In March 2014, China conducted military exercises near the James Shoal, a reef that lies within Malaysia’s territorial waters and its 200 nautical mile exclusive economic zone. This incident prompted Malaysia to shore up its capabilities by stepping up patrols along its coastlines, expanding the RMN Kota Kinabalu submarine base and announcing its intensions of equipping it with an air defense system, and establishing a naval base 96km away from the James Shoal in Bintulu, Sarawak. As a claimant state in the SCS, Malaysia has preferred quiet diplomacy than taking a tough stance against China despite this incident. Analysts argue that this is due to Malaysia’s close relations with China. These two countries have a two-way trade volume that has reached $106 billion in 2013. Malaysia has become China’s third largest trading partner in Asia and its top trading partner in ASEAN.
Malaysia is committed in pushing forth region-wide solutions to the SCS disputes. It looks favorably in the adoption of the Code of Conduct (COC) that will provide a pragmatic framework in managing the disputes peacefully. Ideally, Malaysia would be an effective facilitator for the conclusion of the COC with China given their close relations. However, experts wary that it would likely continue its preventive diplomacy or “low-profile” approach in addressing its maritime territorial disputes. It is in Malaysia’s best interest to manage its disputes with China bilaterally than internationalizing it. It will not take the risk of disrupting its beneficial relations with China because any disruption entails economic costs.
ASEAN has been successful in convening major powers in multilateral platforms such as the East Asia Summit (EAS) and the ASEAN Regional Forum (ARF). Through these platforms, ASEAN is able to lead other states and is simultaneously given diplomatic leverage with its relations with big powers. Also, AMS are able to voice out its interests and thus, it is essential that ASEAN, through Malaysia’s leading, will maximize these avenues for dialogues in asserting ASEAN’s centrality. It must act towards shaping the regional architecture. Moreover, this year, as Malaysia chairs EAS 10th year anniversary, crafting the agenda will be a significant task. It is expected that it incorporates regional interests into it.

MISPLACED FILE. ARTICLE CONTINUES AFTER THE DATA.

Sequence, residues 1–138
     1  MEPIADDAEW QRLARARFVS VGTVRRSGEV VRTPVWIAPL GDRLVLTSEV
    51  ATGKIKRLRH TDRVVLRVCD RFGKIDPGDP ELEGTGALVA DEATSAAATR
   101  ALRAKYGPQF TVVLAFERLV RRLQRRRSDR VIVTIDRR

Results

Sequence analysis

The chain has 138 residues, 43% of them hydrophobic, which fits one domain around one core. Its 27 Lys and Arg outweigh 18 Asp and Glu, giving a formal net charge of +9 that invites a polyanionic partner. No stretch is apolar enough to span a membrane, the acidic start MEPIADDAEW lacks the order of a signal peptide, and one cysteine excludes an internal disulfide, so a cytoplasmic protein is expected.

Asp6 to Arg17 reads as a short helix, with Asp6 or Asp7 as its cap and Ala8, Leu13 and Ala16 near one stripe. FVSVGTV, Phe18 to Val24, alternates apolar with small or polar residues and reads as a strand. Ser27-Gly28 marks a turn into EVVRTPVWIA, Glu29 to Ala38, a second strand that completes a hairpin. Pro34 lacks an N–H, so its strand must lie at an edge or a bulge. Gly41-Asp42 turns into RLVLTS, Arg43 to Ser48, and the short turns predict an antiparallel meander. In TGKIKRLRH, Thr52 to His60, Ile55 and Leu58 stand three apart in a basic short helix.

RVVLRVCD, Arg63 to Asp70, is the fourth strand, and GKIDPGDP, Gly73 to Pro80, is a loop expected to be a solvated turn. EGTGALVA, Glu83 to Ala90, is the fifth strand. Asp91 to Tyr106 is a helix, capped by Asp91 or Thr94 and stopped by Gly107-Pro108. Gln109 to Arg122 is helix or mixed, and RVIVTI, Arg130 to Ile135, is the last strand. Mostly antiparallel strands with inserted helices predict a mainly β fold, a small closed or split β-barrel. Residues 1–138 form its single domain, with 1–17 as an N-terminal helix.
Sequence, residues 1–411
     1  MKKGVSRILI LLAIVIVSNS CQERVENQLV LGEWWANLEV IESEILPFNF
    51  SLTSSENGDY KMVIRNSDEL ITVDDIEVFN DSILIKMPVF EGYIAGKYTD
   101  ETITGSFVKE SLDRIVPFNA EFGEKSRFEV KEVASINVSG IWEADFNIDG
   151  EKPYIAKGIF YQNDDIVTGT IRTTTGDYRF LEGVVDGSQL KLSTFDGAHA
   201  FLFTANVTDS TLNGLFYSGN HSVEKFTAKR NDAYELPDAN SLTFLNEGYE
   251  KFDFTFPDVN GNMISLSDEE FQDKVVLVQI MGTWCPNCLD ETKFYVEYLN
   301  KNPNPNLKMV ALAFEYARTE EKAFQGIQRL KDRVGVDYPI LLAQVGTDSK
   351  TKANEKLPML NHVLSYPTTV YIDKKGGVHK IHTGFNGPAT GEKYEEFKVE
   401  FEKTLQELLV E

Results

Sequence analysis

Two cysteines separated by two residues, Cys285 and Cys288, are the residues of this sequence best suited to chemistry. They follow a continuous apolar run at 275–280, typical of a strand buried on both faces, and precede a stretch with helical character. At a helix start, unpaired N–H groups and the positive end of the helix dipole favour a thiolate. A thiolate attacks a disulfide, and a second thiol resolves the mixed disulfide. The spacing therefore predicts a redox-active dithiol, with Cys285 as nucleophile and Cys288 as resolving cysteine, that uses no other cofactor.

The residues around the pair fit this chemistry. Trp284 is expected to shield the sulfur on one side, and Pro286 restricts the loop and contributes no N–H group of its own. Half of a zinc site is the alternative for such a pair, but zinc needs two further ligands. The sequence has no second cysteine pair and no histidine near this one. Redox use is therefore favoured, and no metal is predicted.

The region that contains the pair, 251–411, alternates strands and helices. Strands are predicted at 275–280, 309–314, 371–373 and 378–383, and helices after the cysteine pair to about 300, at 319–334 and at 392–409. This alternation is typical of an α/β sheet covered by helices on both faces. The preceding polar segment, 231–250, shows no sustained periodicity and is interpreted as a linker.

Malaysia’s chairmanship happens during exciting and challenging times. Expectations can be quite overwhelming as it straddles between political and economic considerations. Addressing issues related to the economic and socio-cultural pillars will be at the top of Malaysia’s list of priorities. Nonetheless, Malaysia must also discuss concerns that are political and security oriented. It must balance hard and soft issues.
Skeptics believe that the deadline for the ASEAN Community will not be met. Hence, it is a challenge for Malaysia to accelerate progress in the achievement of the ASEAN Community and the regional integration. Equally essential to this task is Malaysia’s role in formulating the post-2015 roadmap for the community building. Beyond 2015 is the expectation for ASEAN to be a truly people-centered.
Moreover, ASEAN’s centrality should not be about rhetorics but must be affirmed by member states. Although the national interests of AMS continue to trample regional ideals in geopolitical and security matters, ASEAN must stay on course and maintain unity despite diversity.
Effective leadership for Malaysia in 2015 means that it must able to find a strategic balance in engaging big powers and AMS; creating avenues by which all stakeholders are comfortable with. In the same way, Malaysia’s national interests must not trump over the region’s interests.
About the author:
*Jeremie P. Credo is a Foreign Affairs Research Specialist with the Center for International Relations and Strategic Studies of the Foreign Service Institute. Ms. Credo can be reached at [email protected]
The views expressed in this publication are of the authors’ alone and do not reflect the official position of the Foreign Service Institute, the Department of Foreign Affairs and the Government of the Philippines.